Using a FIFO Food Storage System
Many jobs involve handling high quantities of food – such as catering, retail, or manufacturing. Staff who work for these types of businesses should be able to properly rotate stock to help boost workplace efficiency and ensure food safety, which is why using a FIFO storage system is so beneficial.
What is a FIFO Food Storage System?
FIFO stands for First-In First-Out. It is a stock rotation system used for food storage. You put items with the soonest best before or use-by dates at the front and place items with the furthest dates at the back. By using a FIFO food storage system, you ensure that food with the nearest best before or use-by dates are used or sold first. FIFO maximises freshness and minimises waste.
The FIFO Procedure
Using a FIFO food storage system is simple and efficient, and ensures staff know exactly what is going in and out at all times. It ensures older products are used or bought before newer ones, which helps minimise costly wastage.
The FIFO procedure follows 5 simple steps:
- Locate products with the soonest best before or use-by dates.
- Remove items that are past these dates or are damaged.
- Place items with the soonest dates at the front.
- Stock new items behind the front stock; those with the latest dates should be at the back.
- Use/sell stock at the front first.
Remember to label food that doesn’t have dates, for example if you decant food from its original packaging into another container. This way, chefs will be able to tell at a glance what should be used first.
FIFO is a continuous process. When new stock comes in, always use the FIFO procedure to fill shelves or fridges so food can be sold or used before it expires. Furthermore, be sure to stock refrigerated and frozen goods before room temperature items.
Proper stock rotation ensures that all food is sold or used before its expiration, and can even boost the workflow of your team. To work efficiently, FIFO needs to be followed and used by everyone in the workplace.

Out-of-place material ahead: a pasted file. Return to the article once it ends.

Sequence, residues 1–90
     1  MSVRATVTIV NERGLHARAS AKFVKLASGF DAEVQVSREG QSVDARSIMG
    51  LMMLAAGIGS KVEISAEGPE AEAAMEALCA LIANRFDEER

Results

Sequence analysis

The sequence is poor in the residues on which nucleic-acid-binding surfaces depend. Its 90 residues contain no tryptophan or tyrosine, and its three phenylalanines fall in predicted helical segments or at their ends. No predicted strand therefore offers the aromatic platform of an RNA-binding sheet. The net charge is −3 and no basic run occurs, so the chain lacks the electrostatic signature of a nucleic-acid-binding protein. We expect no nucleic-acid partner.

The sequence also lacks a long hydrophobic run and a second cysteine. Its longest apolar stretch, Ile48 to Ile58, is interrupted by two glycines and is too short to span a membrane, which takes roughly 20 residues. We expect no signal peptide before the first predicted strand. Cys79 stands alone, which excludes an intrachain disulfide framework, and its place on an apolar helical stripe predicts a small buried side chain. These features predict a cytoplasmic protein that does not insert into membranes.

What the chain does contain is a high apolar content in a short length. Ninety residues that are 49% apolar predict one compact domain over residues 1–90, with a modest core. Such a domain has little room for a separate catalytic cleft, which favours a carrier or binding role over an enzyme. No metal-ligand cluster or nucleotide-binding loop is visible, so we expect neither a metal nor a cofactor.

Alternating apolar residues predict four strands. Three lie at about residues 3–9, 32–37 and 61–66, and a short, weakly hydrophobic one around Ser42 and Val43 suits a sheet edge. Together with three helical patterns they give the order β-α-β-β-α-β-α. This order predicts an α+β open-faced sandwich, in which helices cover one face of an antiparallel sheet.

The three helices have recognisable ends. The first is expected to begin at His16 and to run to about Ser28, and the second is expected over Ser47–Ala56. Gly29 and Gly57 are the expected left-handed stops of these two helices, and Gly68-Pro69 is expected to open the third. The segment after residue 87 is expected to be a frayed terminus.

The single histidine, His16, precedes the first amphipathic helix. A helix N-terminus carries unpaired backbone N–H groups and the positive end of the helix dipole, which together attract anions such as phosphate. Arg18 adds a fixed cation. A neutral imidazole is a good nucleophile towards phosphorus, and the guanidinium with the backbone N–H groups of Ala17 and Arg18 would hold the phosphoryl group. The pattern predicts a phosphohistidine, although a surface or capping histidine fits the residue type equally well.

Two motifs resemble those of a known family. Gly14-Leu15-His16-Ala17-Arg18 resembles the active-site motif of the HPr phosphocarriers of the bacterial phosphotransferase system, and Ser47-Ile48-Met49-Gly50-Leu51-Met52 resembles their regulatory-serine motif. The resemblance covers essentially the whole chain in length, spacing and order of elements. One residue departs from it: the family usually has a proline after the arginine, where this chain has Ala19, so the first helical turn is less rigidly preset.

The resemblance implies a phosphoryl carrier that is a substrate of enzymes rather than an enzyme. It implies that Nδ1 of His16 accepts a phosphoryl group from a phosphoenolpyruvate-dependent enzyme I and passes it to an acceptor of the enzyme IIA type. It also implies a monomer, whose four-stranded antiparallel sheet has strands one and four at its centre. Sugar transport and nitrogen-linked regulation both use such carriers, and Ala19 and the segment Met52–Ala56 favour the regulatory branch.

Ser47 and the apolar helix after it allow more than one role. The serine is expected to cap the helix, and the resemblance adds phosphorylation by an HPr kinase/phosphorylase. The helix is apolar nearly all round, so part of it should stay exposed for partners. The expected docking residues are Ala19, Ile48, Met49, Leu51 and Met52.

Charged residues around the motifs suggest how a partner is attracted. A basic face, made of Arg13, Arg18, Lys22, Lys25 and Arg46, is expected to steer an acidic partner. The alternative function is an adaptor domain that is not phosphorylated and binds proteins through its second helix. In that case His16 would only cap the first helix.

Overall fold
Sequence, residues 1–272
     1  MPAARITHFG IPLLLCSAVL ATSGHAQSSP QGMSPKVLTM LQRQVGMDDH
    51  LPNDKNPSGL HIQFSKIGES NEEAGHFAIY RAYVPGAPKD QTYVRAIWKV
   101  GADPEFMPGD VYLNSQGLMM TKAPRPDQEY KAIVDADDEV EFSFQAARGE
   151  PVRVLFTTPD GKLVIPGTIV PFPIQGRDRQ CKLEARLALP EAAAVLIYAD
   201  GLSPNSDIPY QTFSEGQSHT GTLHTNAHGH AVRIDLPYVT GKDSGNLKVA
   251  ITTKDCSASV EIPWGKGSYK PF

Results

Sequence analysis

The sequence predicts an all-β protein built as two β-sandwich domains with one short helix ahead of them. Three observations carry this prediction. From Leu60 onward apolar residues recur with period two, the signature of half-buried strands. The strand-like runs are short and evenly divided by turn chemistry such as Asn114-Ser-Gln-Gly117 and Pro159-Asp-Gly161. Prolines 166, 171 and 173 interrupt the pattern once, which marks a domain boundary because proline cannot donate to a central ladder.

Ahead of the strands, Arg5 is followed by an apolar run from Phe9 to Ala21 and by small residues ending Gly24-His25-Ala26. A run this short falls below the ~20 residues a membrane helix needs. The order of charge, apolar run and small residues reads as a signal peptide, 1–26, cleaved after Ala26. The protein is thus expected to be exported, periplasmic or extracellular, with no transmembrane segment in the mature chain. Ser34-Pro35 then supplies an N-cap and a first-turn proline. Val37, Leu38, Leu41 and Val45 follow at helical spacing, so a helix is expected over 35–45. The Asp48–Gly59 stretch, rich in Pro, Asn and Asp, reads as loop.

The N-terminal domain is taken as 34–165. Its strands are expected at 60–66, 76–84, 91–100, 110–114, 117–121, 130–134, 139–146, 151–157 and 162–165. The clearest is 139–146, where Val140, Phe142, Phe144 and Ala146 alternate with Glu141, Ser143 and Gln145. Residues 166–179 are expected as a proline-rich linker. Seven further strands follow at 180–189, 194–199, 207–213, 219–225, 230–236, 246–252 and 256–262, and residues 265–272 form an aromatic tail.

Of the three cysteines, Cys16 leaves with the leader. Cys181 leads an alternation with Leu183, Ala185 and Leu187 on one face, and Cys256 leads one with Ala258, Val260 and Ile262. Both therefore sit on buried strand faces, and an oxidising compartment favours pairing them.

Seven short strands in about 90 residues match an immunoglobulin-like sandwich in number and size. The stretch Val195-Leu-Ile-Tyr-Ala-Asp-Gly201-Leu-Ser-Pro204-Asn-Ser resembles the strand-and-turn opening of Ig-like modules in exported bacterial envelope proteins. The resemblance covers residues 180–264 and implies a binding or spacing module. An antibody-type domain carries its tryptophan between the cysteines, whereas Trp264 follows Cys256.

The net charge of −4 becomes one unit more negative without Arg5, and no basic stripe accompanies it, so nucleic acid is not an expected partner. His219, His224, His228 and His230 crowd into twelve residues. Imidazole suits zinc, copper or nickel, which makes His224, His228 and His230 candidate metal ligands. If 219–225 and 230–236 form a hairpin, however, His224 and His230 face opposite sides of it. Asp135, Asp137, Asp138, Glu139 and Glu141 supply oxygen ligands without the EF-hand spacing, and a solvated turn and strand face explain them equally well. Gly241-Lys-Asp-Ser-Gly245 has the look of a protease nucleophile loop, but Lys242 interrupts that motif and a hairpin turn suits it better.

To help people keep FIFO at the front of their minds, display a checklist near areas with high stock rotation and where staff will see it every day – such as next to food cabinets and fridges or even in the staff room. The checklist should cover the 5 steps of FIFO (as listed in the above section) and other tips to remember when carrying out FIFO.
You can download and print our example FIFO checklist below.
Example FIFO tips:
- Check products for damage or deterioration.
- If a product isn’t put out, make a note of why.
- Make sure goods are faced up.
- Don’t overload refrigerators.
- Label decanted food with a best before or use-by date.
Even just one person neglecting to follow FIFO will disrupt everyone’s workflow and negatively affect customers’ perception of the business.
In a high-end UK supermarket, a customer discovered a yoghurt that was two years past its expiration date at the back of a refrigerator unit. Staff within the fresh produce department had been neglecting the FIFO food storage system.
The customer was appalled by the lack of stock rotation and immediately complained to staff.
Benefits of FIFO Food Storage
It’s easy to forget why a process as simple as FIFO is important. But it’s necessary for maintaining a high standard of food hygiene and financial security.
The benefits of FIFO include:
- Reduced wastage – your business will be more eco-friendly and waste less money.
- Safer food storage – FIFO ensures better food hygiene standards.
- Helps comply with HACCP – and therefore with food safety law.
- Customer satisfaction – food is easier to navigate and always good quality.
- Easier to reduce products near their end-date – therefore more sales and less waste.
- Efficient workflow – particularly in commercial kitchens; chefs can locate food with ease.
These qualities are the foundation upon which a successful food business is built and run, so make sure you always follow FIFO to help your workplace achieve them.
What to Read Next:
- 17 Ways to Reduce Food Waste in Your Restaurant
- How Long Does Food Last in the Freezer? A Storage Guide
- Food Hygiene Rules and Guidance
- Online Food Hygiene Training